Remember it is extremely important to keep your lawn free of leaves. Leaf accumulation can be detrimental to both warm and cool season lawns.
While warm season lawns need leaf removal, it is even more important on cool season lawns. For Cool Season lawns, fall is a time of repair and growth from the summer stress. Keeping the lawn leaf free, helps the grass receive much needed sunlight. It is even more important for newly seeded lawns as an accumulation of leaves can lead to the death of newly germinated grass seeds.
Local area lawns (warm season) are beginning to lose their color and full dormancy is just around the corner. This is a very important time for treatment on soon to be dormant lawns. This treatment will help protect the plant system from the winter “chill” by toughening the cell walls. This will also allow the turf to come out of dormancy quicker in the spring.
Cool season fescue lawns that are being seeded in the fall should be seeing new growth very soon from the seedlings that were planted. Weeds might also emerge with these new seedlings.
Pre-emergent herbicides cannot be used on cool season lawns due to the fact that they will prohibit new fescue seed germination. Post-emergent sprays have to be used very lightly as well because the new grass must mature enough to be able to withstand the strength of the herbicide. Damage or death can be caused by herbicides used on newly planted, immature tall fescue. After the fourth mowing of newly planted Fescue (about 6 weeks after planting) post-emergent weed control can be applied to rid of weeds.
Keep an eye out for moles this fall. Moles can be very troublesome as they dig tunnels through the lawn that are not only unsightly but that can also damage the turf and create an uneven lawn. Moles are carnivores that feed on earthworms, grubs, ants, beetles, and other subterranean insects (as well as millipedes, slugs, snails).
If North Georgia happens to receive an ice or snow storm this winter, be careful with salt products that are applied to melt ice. If these salt products spread into the grass it can cause major damage. Use only enough salt to get the job done, as high quantities will damage a lawn very quickly.
It’s the beginning of a new year! And after the hectic holiday season most of us are questioning how to keep up with those very bold new year’s resolutions we’ve made, or when will I finally be getting all of these decorations down and put away? But after all of the friends, family, and of course food, constantly coming in and out of the door the big question is, what else has made it inside of my home? Believe it or not, January can be a big problem time in the year for unwanted pests! Between the commotion of everyone coming and going, and the freezing cold temperatures outside, it makes a perfect scenario for unwanted critters to invite themselves in. Many pests are looking to shelter in our homes to keep out of the danger that comes along with these frigid temperatures. Here are a few things to look out for during the month of January:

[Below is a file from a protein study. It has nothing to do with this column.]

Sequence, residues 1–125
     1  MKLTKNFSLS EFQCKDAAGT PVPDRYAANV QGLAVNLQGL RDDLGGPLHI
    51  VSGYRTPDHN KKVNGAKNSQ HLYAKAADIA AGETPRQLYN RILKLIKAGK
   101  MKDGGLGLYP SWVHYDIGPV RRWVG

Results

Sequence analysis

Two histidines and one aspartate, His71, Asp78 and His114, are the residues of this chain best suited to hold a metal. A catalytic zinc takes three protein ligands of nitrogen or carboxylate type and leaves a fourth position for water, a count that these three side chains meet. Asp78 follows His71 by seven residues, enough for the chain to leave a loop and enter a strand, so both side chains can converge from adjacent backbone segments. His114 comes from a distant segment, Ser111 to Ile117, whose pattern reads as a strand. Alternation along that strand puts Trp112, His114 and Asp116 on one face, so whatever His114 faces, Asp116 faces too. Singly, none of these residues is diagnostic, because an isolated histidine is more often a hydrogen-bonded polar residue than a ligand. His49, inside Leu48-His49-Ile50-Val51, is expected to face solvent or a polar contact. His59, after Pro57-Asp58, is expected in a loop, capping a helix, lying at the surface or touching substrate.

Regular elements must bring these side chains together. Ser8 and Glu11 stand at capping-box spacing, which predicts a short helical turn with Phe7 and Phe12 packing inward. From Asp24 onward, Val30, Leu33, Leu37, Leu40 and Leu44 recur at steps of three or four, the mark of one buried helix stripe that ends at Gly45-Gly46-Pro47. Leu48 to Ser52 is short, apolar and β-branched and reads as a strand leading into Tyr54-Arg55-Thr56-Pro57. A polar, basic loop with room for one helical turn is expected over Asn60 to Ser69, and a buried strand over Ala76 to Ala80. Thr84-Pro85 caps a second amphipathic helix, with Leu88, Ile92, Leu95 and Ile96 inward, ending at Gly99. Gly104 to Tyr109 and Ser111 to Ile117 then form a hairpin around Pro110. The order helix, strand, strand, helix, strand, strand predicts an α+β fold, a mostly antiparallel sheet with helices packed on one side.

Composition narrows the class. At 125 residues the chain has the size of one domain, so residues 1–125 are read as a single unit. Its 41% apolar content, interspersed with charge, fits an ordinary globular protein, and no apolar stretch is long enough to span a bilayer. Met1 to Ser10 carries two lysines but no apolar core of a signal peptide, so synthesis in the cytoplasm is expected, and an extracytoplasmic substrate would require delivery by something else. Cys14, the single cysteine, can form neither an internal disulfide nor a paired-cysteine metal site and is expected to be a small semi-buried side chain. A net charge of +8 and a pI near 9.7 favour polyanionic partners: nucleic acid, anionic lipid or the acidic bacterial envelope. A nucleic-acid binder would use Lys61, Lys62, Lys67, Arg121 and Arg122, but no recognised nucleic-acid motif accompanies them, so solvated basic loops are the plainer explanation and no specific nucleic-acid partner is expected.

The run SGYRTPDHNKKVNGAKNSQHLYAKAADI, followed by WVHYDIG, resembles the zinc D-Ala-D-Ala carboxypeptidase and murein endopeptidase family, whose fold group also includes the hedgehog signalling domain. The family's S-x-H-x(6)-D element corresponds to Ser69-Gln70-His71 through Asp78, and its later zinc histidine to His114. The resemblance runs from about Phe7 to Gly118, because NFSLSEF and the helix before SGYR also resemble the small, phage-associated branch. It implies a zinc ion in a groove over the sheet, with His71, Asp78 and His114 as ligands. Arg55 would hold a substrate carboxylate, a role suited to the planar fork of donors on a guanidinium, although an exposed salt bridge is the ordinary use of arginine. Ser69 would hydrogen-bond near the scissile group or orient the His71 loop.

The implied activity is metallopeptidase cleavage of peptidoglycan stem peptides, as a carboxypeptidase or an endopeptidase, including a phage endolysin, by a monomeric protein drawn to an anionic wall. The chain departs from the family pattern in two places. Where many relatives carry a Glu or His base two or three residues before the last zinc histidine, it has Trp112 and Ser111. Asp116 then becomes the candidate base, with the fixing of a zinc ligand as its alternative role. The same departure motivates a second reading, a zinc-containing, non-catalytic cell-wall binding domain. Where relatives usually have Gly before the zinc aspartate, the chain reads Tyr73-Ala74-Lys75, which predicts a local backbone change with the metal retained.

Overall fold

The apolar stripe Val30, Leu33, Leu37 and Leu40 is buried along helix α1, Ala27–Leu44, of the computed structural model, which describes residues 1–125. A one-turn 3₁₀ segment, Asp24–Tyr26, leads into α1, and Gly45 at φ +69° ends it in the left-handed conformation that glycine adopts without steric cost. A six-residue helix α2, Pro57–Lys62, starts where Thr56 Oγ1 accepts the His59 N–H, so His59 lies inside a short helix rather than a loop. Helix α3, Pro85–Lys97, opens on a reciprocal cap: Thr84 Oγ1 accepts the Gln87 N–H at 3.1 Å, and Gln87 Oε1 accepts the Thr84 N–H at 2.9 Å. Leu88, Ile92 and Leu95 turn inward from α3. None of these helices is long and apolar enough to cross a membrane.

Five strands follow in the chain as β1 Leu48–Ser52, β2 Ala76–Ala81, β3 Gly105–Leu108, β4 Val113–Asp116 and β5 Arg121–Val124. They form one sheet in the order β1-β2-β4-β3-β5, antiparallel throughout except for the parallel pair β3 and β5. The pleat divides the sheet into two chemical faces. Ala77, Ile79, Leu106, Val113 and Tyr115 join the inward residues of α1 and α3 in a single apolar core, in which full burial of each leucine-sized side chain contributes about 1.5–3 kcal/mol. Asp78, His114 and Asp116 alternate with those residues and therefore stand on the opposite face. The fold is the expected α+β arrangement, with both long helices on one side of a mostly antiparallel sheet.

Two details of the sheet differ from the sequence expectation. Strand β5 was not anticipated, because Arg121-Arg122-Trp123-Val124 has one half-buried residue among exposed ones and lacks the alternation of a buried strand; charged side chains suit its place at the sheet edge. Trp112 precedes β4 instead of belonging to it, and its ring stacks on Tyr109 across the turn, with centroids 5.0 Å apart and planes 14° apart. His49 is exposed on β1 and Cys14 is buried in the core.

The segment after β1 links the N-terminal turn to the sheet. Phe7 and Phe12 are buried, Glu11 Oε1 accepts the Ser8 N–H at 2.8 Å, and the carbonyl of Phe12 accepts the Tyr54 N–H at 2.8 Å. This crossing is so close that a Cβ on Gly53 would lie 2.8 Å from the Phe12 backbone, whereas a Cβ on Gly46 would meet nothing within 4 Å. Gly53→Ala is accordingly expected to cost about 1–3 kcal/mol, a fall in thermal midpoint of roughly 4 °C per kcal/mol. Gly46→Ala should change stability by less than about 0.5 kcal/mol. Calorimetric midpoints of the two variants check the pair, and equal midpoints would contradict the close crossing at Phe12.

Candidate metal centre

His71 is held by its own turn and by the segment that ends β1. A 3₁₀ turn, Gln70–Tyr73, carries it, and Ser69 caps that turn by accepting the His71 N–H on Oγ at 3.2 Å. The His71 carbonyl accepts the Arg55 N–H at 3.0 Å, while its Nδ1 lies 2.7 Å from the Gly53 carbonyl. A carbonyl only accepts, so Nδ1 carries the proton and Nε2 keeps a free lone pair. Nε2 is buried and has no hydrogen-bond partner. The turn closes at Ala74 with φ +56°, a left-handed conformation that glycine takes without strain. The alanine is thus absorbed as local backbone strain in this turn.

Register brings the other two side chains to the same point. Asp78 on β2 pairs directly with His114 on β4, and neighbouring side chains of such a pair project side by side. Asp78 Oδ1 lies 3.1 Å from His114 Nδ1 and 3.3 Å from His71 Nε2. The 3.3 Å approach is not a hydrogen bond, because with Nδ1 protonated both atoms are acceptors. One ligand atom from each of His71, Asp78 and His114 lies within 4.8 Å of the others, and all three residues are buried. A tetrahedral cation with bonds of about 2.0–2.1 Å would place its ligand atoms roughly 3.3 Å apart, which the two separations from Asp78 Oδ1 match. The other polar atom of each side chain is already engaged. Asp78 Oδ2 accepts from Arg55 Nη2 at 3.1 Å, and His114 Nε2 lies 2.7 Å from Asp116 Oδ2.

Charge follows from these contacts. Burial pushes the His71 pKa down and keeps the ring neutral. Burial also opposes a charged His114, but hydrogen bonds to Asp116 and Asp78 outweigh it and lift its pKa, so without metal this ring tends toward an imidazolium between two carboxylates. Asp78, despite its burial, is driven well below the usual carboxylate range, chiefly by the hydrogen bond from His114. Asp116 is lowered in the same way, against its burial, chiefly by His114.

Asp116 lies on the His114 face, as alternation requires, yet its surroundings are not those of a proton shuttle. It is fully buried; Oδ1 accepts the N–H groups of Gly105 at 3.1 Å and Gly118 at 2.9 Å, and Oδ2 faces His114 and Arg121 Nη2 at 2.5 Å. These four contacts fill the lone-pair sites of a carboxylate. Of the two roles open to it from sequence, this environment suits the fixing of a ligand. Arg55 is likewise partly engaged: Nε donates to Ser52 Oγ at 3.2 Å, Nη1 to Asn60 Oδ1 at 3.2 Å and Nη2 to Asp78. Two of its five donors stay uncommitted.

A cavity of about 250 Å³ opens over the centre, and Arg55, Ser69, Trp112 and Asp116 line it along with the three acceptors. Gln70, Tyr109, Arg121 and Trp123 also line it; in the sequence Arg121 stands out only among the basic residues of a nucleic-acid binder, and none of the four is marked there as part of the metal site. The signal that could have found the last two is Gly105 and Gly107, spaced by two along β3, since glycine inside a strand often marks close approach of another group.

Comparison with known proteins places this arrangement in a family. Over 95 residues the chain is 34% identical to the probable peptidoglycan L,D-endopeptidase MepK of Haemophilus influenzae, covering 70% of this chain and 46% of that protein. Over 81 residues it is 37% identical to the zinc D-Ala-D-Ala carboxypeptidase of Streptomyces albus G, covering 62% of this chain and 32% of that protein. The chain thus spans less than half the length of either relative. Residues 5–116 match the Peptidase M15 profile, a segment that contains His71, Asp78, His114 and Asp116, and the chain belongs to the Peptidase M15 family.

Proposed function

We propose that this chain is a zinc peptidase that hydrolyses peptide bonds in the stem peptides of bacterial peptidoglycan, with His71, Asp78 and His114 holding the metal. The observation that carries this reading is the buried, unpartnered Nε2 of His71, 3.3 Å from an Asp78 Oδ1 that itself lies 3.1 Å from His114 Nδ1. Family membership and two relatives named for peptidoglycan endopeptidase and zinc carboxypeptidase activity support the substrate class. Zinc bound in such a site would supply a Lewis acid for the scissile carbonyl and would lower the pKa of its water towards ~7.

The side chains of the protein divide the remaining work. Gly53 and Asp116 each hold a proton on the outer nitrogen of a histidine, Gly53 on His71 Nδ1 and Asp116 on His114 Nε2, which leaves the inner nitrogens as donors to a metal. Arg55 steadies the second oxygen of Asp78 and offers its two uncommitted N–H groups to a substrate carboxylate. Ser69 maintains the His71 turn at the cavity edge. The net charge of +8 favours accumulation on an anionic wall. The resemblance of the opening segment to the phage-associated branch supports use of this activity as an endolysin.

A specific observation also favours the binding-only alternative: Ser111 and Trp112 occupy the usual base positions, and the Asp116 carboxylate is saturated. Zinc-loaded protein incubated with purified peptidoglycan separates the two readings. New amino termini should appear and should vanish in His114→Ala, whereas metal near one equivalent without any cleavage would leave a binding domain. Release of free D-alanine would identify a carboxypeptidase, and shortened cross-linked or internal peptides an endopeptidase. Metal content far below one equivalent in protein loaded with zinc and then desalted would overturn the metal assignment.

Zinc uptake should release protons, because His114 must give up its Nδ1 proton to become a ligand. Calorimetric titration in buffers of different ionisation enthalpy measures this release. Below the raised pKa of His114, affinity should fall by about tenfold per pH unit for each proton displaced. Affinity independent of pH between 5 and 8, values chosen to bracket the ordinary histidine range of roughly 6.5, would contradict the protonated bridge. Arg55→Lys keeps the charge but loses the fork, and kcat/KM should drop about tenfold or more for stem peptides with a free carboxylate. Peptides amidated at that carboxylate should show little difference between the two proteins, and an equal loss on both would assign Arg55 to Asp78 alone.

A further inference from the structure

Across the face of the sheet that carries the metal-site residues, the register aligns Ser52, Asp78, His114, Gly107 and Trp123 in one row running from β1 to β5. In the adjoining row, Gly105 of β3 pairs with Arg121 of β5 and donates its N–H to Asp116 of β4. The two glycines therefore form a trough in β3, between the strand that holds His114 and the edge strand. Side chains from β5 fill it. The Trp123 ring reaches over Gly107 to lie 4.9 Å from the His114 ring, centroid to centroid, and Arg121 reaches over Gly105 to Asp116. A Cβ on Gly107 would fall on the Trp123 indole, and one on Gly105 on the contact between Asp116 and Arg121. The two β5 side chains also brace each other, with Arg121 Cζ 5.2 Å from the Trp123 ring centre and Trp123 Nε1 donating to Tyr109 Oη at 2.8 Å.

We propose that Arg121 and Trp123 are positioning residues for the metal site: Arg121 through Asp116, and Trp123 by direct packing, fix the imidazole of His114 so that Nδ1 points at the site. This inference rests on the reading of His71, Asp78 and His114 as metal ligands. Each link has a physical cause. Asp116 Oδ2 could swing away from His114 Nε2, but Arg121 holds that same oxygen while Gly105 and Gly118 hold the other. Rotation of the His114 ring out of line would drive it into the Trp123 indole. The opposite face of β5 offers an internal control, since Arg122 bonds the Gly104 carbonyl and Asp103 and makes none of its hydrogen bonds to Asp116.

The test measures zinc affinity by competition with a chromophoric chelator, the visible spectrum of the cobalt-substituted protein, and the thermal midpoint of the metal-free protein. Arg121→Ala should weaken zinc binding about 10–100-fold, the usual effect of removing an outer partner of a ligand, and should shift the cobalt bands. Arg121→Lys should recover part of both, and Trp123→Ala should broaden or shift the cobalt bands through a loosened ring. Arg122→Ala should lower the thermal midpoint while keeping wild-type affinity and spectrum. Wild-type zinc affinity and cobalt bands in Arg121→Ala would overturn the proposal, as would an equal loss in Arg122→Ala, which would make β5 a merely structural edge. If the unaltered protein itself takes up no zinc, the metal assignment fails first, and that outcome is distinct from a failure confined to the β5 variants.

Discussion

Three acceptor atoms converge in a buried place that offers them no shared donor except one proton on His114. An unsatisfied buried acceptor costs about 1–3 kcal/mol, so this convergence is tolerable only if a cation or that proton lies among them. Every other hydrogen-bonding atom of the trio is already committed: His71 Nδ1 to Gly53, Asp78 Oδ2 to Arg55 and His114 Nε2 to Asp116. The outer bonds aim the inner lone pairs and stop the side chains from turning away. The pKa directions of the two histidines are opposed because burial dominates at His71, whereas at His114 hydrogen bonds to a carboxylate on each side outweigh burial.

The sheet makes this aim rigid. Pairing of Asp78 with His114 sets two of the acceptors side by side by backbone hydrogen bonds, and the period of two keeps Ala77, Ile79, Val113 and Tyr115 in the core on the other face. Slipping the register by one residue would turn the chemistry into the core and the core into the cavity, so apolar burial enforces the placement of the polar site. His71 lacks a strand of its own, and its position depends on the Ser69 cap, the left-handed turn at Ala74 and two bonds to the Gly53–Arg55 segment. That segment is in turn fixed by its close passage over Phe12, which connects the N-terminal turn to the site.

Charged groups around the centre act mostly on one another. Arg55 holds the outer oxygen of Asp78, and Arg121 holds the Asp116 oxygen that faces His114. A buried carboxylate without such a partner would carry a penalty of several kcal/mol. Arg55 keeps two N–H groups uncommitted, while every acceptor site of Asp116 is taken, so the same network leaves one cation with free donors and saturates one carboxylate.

If you have a wood burning fireplace in your home, this could be of big concern! Boxelder bugs, termites, and stink bugs all love hanging out inside firewood. By bringing that wood inside you are incidentally bringing all of them into your home to shelter and reproduce. Which if left untreated, without the correct pest control program, can wreak havoc on your home.
In these winter months, same as most pests, spiders (especially the Brown Recluse) are looking to escape the cold and find shelter inside your home. The size of an entry point in which spiders need to enter the home is very miniscule. So to ensure that you won’t be having an issue with them all winter, it is vital to have the proper pest control program taking preventative measures to protect your home. Spraying any points of entry (windows, doors, etc.) and creating a pesticide barrier between outside and inside is essential.
The German Cockroach is the most common infesting roach found in the world. They like to hangout and harbor in small, warm, moist areas, and are almost always brought into the home by means of an outside source. (Groceries, small appliances, boxes, other people unknowingly, etc.) They are most commonly found in the kitchen, behind the fridge, dishwasher, coffee makers, anything with a warm motor where they can lay their eggs and reproduce. It only takes 28 days for German Cockroaches to reproduce from the laying of their eggs, to hatching, making it so easy for them to infest in such large numbers. Having a monthly or quarterly indoor/ outdoor pest control service to treat around these problem areas is very important to ensure preventative measures are being taken to protect your home from the infestation and spread of bacteria and human pathogens of these pests.